Teens had money to spend, and advertisers began to see them as a unique, age-defined market in the 1950s. Marketers studied their buying habits on behalf of businesses and created advertising for everything from clothing to music. Although marketers focused on white girls, teens from diverse backgrounds created a growing culture that centered on the consumption of music, magazines, clothing, and rituals like the high school prom.
Magazines segregated their audiences by gender, with publications catering to either girls or boys. Seventeen produced marketing data on teenage girls and packaged the information in the form of a composite teenager, named Teena, for retailers and manufacturers.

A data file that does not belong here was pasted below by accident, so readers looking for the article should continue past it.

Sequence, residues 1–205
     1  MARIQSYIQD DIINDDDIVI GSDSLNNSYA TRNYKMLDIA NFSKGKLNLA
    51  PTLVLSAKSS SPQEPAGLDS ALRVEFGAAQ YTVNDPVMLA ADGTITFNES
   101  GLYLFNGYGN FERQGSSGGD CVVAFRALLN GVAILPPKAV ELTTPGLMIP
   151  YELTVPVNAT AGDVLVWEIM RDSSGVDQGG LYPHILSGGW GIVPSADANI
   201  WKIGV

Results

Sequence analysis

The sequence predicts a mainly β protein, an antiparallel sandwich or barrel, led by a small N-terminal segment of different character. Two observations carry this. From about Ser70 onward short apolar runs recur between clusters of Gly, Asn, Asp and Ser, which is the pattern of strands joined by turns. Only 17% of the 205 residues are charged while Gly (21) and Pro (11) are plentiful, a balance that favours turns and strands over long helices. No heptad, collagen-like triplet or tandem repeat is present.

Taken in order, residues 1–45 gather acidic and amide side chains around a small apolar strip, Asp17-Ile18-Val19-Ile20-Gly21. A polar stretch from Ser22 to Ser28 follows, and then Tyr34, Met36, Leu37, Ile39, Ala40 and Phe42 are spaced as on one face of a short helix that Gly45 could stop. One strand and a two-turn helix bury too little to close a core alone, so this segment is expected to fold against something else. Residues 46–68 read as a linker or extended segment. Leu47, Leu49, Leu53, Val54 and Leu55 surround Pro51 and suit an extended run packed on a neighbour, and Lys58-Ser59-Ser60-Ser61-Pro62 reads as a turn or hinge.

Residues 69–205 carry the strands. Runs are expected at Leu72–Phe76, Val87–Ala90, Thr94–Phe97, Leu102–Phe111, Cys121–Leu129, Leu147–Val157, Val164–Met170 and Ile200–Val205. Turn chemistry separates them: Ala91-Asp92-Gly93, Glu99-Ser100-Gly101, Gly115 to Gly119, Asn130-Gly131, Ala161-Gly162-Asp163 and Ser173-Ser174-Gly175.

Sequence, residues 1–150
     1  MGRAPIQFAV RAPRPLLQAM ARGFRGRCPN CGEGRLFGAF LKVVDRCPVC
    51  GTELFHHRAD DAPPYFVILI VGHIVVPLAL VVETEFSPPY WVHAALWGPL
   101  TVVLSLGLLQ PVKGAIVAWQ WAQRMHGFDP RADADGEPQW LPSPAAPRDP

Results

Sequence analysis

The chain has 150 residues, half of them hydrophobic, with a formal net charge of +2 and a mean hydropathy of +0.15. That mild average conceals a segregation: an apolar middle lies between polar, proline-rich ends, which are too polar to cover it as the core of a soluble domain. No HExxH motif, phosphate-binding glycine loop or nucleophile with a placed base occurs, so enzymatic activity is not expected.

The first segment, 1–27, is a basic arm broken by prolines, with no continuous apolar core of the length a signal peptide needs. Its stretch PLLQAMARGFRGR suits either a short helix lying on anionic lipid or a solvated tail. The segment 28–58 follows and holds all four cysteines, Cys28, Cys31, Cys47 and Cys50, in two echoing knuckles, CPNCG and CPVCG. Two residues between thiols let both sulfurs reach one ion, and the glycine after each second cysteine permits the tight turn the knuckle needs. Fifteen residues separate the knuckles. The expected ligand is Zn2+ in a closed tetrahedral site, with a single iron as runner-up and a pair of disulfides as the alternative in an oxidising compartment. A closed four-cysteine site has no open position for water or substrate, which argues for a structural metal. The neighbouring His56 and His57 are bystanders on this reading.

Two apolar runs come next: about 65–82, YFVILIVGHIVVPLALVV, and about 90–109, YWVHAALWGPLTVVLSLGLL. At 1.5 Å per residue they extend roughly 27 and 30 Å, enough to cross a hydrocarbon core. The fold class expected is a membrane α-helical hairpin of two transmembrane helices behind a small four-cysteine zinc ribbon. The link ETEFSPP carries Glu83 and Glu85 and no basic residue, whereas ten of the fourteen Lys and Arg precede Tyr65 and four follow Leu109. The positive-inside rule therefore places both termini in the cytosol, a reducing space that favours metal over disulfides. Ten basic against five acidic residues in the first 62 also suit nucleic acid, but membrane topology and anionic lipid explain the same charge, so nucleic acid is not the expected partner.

The music industry capitalized on youth markets through radio and the new medium of television. The invention of 45rpm records, Top 40 countdowns, and American Bandstand made music affordable, desirable, and profitable. Although music became a touchstone for diverse communities of teens, the business remained segregated.
Makers of personal care products targeted teens, claiming that shampoo, skin cream, and deodorant could help manage awkward bodies and improve social relationships. Although make-up manufacturers had long cultivated the ideal of youth, in the postwar period they actively courted youth themselves, designing products just for teens.
High School Memories
Class rings and yearbooks became big business with a growing number of teens attending high school and engaging in rituals of dating and prom.